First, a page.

Best Firm Mattresses

Mattress firmness refers to how the bed’s surface feels underneath a sleeper’s body, and is directly tied to the materials used in the topmost comfort layer of the mattress. At Tuck, we evaluate firmness in mattresses using a 1-to-10 scale, with 1 being the least firm and 10 being the firmest. However, most mattresses sold today fall between a 3 (or ‘Soft’) and an 8 (‘Firm’).

This page will look at mattresses that are rated as a 7 and above. Some sleepers, such as heavier individuals and those who sleep on their back or stomach, tend to prefer firmer mattresses because they provide more comfort and support than less firm options. Firm mattresses are also linked to better durability, lower costs and a relatively cool sleep surface, but there are also drawbacks associated with firmer models.

Who Sleeps Best on Firm Mattresses?

First, let’s look at sleepers who prefer firm mattresses, as well as those who may not feel as comfortable on a firmer surface.

Firmness is often tied to the sleeper’s bodyweight. For the purposes of this page, ‘average weight’ is defined as 130 to 230 pounds. Generally speaking, people who are on the heavier side tend to prefer mattresses that are firmer, while those on the lighter side often choose mattresses with lower firmness ratings.

Pressure relief is a key reason for this trend. Firmer mattress require more weight for sleepers to sink into the mattress and alleviate their pressure points, and people in the below-average and average weight groups may not weigh enough to enjoy these qualities. On the other hand, softer mattresses may sink too deeply beneath heavier sleepers, resulting in added pain and pressure.

The table below lists the most popular firmness ratings for below-average, average, and above-average weight groups.

Weight GroupMost Commonly Preferred Mattress Firmness
Below-average (Less than 130 Pounds)4 (Medium Soft) and Lower
Average (130 to 230 Pounds)5 (Medium) to 6 (Medium Firm)
Above-average (More than 230 Pounds)7 (Firm) and Higher

In addition to bodyweight, firmness may also be linked to the sleeper’s preferred position in bed. People who sleep on their side require mattresses that help align their spine and alleviate pressure points that commonly develop due to this position. Back-sleepers, on the other hand, sleep in a position that naturally aligns the spine and do not require a soft mattress as often. For this reason, back-sleepers tend to feel more comfortable on a firmer mattress than side-sleepers.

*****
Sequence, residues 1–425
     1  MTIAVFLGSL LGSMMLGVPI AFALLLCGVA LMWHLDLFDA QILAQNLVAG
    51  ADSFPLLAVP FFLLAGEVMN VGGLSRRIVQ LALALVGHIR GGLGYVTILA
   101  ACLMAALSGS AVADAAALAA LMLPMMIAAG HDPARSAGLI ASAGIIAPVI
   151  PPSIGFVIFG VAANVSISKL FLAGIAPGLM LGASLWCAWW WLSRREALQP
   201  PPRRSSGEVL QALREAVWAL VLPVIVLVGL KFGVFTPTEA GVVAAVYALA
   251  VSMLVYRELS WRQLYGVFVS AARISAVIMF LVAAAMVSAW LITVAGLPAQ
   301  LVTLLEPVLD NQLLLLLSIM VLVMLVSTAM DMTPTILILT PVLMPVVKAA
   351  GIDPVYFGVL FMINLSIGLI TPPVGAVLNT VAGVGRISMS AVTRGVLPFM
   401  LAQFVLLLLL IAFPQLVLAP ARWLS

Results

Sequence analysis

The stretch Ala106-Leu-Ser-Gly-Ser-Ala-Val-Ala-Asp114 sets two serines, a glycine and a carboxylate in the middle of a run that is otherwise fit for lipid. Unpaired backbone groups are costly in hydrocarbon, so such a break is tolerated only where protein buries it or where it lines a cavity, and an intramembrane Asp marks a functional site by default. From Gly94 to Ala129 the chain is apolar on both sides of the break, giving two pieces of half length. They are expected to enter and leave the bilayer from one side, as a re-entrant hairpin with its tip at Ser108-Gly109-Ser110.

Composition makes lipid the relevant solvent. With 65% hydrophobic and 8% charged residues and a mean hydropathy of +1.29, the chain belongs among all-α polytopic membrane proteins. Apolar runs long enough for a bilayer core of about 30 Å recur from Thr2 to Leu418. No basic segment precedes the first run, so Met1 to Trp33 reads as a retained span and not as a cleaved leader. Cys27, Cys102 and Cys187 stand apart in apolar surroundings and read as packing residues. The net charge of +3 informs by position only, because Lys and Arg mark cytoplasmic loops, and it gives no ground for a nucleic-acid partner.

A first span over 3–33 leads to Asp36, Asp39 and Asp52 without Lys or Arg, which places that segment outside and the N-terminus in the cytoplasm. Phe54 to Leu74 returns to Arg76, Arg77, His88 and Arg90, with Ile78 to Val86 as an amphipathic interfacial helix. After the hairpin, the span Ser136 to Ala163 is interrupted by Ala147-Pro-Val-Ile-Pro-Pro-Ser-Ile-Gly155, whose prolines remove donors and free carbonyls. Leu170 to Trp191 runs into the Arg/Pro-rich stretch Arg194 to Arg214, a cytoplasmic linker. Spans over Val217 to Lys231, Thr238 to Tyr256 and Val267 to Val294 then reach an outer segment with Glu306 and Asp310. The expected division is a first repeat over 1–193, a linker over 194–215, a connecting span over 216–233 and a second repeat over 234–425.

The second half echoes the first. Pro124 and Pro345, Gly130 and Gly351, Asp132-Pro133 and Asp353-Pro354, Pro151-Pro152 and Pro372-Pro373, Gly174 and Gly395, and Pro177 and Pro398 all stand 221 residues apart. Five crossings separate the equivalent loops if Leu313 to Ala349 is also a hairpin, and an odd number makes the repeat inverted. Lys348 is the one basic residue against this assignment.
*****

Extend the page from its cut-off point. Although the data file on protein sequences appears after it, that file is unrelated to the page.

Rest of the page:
Stomach-sleepers in the average and above-average weight groups may also prefer firmer mattresses because they will not sink too deeply. If a mattress is too soft, then heavier stomach-sleepers may sink too far and experience neck and shoulder pain.

The table below represents firmness preference trends among sleepers based on bodyweight and sleep position.

Weight GroupPreferred Firmness for Most Side SleepersPreferred Firmness for Most Back SleepersPreferred Firmness for Most Stomach Sleepers
Below-average (Less than 130 pounds)3 (Soft) to 5 (Medium)4 (Medium Soft) to 6 (Medium Firm)4 (Medium Soft) to 6 (Medium Firm)
Average (130 to 230 Pounds)4 (Medium Soft) to 6 (Medium Firm)5 (Medium) to 7 or 8 (Firm)6 (Medium Firm) to 7 or 8 (Firm)
Above-average (More than 230 Pounds)5 (Medium) to 6 (Medium Firm)6 (Medium Firm) to 7 or 8 (Firm)6 (Medium Firm) to 7 or 8 (Firm)

Ultimately, every sleeper is different when it comes to mattress firmness, and we highly recommend testing out mattresses with different firmness ratings in order to pinpoint the feel that is best for you.

Common Qualities of Firm Mattresses

Next, let’s look at some of the construction and performance qualities shared by most mattresses rated as a 7 or higher on the firmness scale.

  • Longer Lifespan: Softer mattresses are prone to premature sagging or indentations in the sleep surface that can cause back pain and pressure over time. Firm mattresses are less susceptible to sagging and indenting, and typically last much longer.
  • Lower Thickness: One reason mattresses are firm is a lack of additional foams and other cushioning materials in the comfort layer. As a result, they tend to have low profiles compared to soft mattresses.
  • Less Expensive: The cushioning and padding that makes softer mattresses thicker is also the reason why many of these models have higher price-points compared to firmer mattresses.
  • Minimal Conforming and Pressure Relief: Sleepers do not sink as deeply into the surface of a firmer mattress, which may result in less pressure relief compared to softer mattresses.